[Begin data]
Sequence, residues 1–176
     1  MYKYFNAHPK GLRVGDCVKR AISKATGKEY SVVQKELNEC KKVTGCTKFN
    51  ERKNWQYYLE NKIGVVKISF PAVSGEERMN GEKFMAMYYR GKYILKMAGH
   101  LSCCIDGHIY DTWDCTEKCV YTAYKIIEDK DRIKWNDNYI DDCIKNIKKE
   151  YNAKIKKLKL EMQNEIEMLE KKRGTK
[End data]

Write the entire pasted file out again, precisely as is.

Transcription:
Sequence, residues 1–176
     1  MYKYFNAHPK GLRVGDCVKR AISKATGKEY SVVQKELNEC KKVTGCTKFN
    51  ERKNWQYYLE NKIGVVKISF PAVSGEERMN GEKFMAMYYR GKYILKMAGH
   101  LSCCIDGHIY DTWDCTEKCV YTAYKIIEDK DRIKWNDNYI DDCIKNIKKE
   151  YNAKIKKLKL EMQNEIEMLE KKRGTK